Lenovo rises as mobile, data server player
Updated: 2013-11-08 10:21
It began making smartphones in 2010. The 4.7 percent share of the global smartphone market it claimed in the quarter ended September, according to IDC data, means only Apple Inc, Samsung Electronics and Huawei Technologies are bigger.
"We definitely have a plan to grow organically but at the same time we have our eyes open for all opportunities available in the market, and have ourselves well prepared," Wong Wai Ming, Lenovo's chief financial officer, said in a post-earnings call.
"It's not just servers, I think for any business, we have the capability to look at opportunities and will definitely do so as and when it adds value to us," Wong said.
Lenovo also wants to repeat its penetration of the smartphone business in cloud computing, which Amazon Web Services pioneered in 2006.
The technology lets companies rent computing power, storage and other services from data centers shared with other customers - typically cheaper and more flexible than maintaining their own.
The ambitious company was among a range of suitors to approach BlackBerry Ltd before the troubled device maker took itself off the market, according to sources familiar with the matter. BlackBerry, with its pedigree in data and the smartphone business, was a potential match for Lenovo's expansion needs.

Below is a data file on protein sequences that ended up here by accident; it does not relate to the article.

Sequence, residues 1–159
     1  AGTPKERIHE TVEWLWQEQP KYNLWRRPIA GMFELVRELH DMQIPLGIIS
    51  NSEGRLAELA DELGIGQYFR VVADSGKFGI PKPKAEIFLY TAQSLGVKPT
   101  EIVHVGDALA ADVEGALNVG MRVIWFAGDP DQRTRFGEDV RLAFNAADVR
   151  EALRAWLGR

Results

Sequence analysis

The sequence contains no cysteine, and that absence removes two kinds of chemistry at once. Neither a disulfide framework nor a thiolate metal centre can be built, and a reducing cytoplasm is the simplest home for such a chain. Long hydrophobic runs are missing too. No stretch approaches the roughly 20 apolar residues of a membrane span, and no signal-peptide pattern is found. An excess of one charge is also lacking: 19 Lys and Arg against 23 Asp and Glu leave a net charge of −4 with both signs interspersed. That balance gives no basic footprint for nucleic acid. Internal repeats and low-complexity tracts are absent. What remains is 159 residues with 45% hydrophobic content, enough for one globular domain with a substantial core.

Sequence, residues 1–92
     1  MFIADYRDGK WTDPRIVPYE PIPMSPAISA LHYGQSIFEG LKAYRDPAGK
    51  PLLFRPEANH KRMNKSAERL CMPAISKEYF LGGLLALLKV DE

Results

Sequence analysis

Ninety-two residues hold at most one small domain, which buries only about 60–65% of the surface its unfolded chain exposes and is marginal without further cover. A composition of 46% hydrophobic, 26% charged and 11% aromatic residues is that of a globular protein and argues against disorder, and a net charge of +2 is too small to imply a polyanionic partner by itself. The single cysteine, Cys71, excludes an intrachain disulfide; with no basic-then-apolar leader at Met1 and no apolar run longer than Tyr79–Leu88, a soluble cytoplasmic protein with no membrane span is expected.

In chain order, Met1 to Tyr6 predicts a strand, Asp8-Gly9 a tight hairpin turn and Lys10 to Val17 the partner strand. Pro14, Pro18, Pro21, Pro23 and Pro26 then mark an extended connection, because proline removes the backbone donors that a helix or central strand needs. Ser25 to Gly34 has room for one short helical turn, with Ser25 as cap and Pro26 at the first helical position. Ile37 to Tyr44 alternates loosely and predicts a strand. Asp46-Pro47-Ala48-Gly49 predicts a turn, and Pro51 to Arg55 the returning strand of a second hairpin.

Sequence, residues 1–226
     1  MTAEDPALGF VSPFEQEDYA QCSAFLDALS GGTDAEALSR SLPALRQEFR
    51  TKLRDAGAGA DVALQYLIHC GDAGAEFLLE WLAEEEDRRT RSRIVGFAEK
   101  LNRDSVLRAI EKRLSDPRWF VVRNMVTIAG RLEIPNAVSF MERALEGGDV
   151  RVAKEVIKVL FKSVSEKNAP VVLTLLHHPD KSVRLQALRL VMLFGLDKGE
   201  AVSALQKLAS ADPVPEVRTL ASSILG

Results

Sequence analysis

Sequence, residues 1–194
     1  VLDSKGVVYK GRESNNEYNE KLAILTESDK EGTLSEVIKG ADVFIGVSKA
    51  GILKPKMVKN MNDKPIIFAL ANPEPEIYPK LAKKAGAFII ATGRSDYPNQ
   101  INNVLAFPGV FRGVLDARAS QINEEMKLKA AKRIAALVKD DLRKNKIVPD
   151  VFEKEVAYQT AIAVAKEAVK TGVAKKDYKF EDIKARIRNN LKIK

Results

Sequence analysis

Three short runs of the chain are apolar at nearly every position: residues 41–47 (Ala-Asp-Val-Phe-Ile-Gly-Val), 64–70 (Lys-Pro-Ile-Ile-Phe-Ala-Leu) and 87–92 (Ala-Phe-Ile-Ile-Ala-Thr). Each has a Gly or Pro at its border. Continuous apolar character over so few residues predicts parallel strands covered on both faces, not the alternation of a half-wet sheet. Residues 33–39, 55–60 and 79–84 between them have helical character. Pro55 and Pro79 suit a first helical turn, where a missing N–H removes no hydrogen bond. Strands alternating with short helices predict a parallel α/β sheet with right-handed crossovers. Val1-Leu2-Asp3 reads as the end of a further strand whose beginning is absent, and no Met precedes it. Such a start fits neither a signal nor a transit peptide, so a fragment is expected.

Any potential deals, unlike the reported interest in BlackBerry, are likely to match Lenovo's previous pattern of low-key deal-making. This year's acquisition of Brazil's CCE and Indianapolis-based Stoneware in 2012 provide examples, said Alberto Moel, a Hong Kong-based analyst at Sanford C. Bernstein.
"They're under the radar, doing deals that suit their strategy, paying as little as possible, applying their product portfolio and capabilities and monetising that," said Moel, speaking before Thursday's earnings were released.
"These are small deals, that they can pay for in cash, to meet the needs of a particular geographic coverage or particular product. On the server side they'll be looking for corporate server capabilities - there are some smaller companies in the server business that could be a good fit."
The company, based in both Beijing and Morrisville, North Carolina, already works with EMC Corp, the world's largest data storage equipment maker, in developing servers and storage products.
But for Lenovo this isn't enough. The firm is now actively seeking a way to build its small server business as it spins away from a PC market that IDC predicts will continue to shrink, declining 2 percent next year.